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urinary tract infections pets

July 22, 2016

PetSafe® Expert

Gretchen Statz, DVM, DACVECC

Urinary Tract And Bladder Infection In Dogs & Cats

Urinary tract infections (UTIs) are a relatively common occurrence in dogs and cats. Infections in the urinary tract can occur in the bladder or can become serious and involve the kidneys. Most pets with urinary tract infections will have fairly classic symptoms and most UTI's can be treated relatively easily.

How do urinary tract infections develop?

The urinary bladder is connected to the outside word by a tube called the urethra. Bacteria from your pet's skin and fur can ascend up the urethra into the bladder. In rare occasions, the bacteria can travel further up the ureters and into the kidneys.

What are the symptoms of urinary tract infections?

Symptoms of UTI's could include bloody urine, straining to urinate, frequent urination, accidents in the house (dogs) or urinating in places other than the litter box (cats). Some animals will lick their vulvas and others will have no symptoms at all. If a kidney infection occurs, your pet may drink more water than usual and potentially feel very ill. Symptoms could include anorexia, lethargy, vomiting and/or abdominal pain.

Which pets get urinary tract infections?

Female animals are more likely to develop UTI's. Females have shorter urethras and so the bacteria have an easier time reaching the bladder. Some diseases also predispose animals to urinary tract infections such as diabetes (dogs or cats) or Cushing's disease (dogs).

How are urinary tract infections diagnosed?

A urinalysis is the first step in diagnosing a urinary tract infection. The urine sample might show blood, white blood cells or bacteria. In cases of kidney infection, the urine might be more dilute than usual. Urine samples for urinalysis can be obtained using a syringe and needle or via a "free catch" method using a clean bowel caught when your pet urinates.

The best way to truly diagnose a bacterial urinary tract infection is by culture and sensitivity of the urine. Culture should be performed sterilely using a syringe and needle directly into the bladder. This is a quick and easy procedure that does not significant discomfort. Most pets tolerate it well. The culture portion of the test will grow bacteria if present and the sensitivity portion will help your veterinarian determine which antibiotic would be best to use.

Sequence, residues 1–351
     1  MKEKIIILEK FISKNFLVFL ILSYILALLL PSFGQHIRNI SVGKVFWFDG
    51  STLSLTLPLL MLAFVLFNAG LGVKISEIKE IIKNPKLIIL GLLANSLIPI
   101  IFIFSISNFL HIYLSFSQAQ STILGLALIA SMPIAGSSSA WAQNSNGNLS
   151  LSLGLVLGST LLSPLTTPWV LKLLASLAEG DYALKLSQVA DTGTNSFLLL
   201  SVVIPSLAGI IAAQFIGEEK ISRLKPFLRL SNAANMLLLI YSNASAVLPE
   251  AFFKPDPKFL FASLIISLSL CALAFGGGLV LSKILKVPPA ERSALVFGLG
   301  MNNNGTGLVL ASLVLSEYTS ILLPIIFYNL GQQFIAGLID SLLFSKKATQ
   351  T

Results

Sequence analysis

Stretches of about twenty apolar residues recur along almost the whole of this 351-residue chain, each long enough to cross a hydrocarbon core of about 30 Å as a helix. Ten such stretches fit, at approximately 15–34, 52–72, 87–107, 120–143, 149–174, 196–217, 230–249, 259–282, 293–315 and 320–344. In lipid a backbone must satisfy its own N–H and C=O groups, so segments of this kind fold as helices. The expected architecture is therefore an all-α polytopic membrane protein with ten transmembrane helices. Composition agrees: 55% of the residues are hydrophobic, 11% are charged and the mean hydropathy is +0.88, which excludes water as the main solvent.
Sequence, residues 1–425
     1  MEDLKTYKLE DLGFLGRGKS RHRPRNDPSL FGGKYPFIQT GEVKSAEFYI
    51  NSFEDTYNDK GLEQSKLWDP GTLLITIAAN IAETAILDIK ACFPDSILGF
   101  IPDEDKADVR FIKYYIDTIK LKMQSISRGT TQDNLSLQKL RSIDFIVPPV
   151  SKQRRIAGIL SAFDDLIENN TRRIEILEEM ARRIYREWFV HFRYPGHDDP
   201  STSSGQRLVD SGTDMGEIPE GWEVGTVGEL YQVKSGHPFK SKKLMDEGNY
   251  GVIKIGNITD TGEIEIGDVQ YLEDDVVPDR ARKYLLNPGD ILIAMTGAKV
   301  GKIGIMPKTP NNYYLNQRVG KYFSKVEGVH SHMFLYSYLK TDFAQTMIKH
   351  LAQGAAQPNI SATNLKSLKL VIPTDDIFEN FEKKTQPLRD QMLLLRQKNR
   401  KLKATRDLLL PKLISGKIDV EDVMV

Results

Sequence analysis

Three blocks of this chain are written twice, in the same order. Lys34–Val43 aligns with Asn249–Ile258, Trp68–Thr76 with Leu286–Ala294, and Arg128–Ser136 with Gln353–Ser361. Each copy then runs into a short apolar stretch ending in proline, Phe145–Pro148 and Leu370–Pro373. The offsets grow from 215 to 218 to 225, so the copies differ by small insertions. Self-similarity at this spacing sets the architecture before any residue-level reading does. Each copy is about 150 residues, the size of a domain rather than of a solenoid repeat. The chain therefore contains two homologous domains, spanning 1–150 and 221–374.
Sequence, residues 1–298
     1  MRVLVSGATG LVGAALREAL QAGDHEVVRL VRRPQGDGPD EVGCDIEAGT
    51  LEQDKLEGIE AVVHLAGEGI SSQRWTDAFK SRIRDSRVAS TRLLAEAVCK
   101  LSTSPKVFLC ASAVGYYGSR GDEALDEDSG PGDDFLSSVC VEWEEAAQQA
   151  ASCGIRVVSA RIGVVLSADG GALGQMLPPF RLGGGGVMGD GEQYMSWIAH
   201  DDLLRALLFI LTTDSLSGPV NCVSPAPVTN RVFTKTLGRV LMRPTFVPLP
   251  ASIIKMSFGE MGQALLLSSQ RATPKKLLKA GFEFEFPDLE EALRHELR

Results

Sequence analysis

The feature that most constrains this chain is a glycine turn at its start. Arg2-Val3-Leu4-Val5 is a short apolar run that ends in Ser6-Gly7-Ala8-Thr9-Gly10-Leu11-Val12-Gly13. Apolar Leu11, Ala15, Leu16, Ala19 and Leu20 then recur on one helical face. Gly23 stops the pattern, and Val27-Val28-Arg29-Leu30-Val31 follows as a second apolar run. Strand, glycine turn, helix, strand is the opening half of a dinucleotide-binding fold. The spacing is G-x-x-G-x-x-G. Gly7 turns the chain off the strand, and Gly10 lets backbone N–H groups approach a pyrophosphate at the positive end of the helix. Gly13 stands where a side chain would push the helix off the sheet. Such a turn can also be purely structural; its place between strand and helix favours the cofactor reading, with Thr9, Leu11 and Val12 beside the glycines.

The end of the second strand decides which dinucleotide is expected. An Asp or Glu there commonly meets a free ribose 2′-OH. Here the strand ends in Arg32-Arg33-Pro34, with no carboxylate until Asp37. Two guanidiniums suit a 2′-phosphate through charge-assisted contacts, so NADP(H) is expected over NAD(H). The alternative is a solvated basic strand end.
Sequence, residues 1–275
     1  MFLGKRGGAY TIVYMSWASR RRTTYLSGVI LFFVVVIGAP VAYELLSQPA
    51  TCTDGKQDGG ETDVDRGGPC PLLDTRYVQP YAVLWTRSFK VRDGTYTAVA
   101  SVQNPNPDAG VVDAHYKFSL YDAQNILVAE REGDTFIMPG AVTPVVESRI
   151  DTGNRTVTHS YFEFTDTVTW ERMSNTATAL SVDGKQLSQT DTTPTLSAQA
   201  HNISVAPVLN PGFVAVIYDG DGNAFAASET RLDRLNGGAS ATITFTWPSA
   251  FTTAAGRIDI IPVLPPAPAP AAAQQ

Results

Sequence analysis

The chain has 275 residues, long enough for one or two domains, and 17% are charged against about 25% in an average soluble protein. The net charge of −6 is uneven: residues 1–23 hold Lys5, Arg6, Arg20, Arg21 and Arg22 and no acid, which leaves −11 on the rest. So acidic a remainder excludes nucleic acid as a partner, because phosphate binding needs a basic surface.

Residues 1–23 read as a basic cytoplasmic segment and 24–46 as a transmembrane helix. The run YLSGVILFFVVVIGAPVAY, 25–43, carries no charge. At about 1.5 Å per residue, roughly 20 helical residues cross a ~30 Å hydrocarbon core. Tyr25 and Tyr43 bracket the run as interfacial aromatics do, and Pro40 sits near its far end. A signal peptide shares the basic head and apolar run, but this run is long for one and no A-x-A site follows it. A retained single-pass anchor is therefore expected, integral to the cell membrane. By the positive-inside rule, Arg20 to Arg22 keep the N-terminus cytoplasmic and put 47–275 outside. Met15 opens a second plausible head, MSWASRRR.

In cases where kidney infection is suspected, further testing including bloodwork and an abdominal ultrasound might be recommended.

What is the treatment for urinary tract infections?

Antibiotics are the main treatment for urinary tract infections. If it is a simple, first time urinary tract infection, your veterinarian may choose an antibiotic based on what usually works. The duration of treatment will likely be 10-14 days (5 days at the least).

With recurrent infections, your veterinarian will likely base the choice of antibiotic on a culture and sensitivity. The duration of treatment may be a bit longer (possibly up to a month). Kidney infections typically require even longer treatment for 6-8 weeks. The antibiotics are usually given orally at home and are once or twice daily in most cases. More serious kidney infections may require hospitalization for intravenous (IV) fluid therapy and IV antibiotics for anywhere from 3 days to as long as a week.

What if my pet keeps getting urinary tract infections?

Recurrent urinary tract infections can occur for various reasons. Your pet may have stones in the bladder and/or kidneys that are contributing to infection. There may also be an underlying disease process (e.g. Cushing's or diabetes) that is predisposing your pet to infection. Some dogs have excess skin and fat over their vulva that allows bacteria to become trapped and move into the bladder more easily. And in some cases the bacteria become more resistant and continue to grow despite treatment with antibiotics.

If your pet develops recurrent urinary tract infections, the culture and sensitivity becomes extra important to see if the bacteria are becoming more resistant to the antibiotics. Your veterinarian may also consider running additional tests including x-rays, ultrasound and/or bloodwork.

Can urinary tract infections be prevented?

In general there are no specific preventative measures to take unless your pet has recurrent infections. If recurrent infections occur, your veterinary may elect to add certain supplements to make bacterial infections less likely to occur and to strengthen your pet's immune system.

Providing your pet with water fountains and lots of clean water bowls throughout the house can help keep your pet hydrated and help prevent urinary issues.

Are urinary tract infections contagious?

Urinary tract infections are not contagious from pet to pet or from pets to people. If multiple pets in the home develop a urinary tract infection, it is likely just coincidence.

So if your pet develops signs of a urinary tract infection such as straining to urinate, urinating a lot, or urinating in the house if they were previously potty trained pet, see your veterinarian.

Written by

Gretchen Statz, DVM, DACVECC

Gretchen Statz, DVM, DACVECC

Disease & ER Vet

PetSafe® Expert

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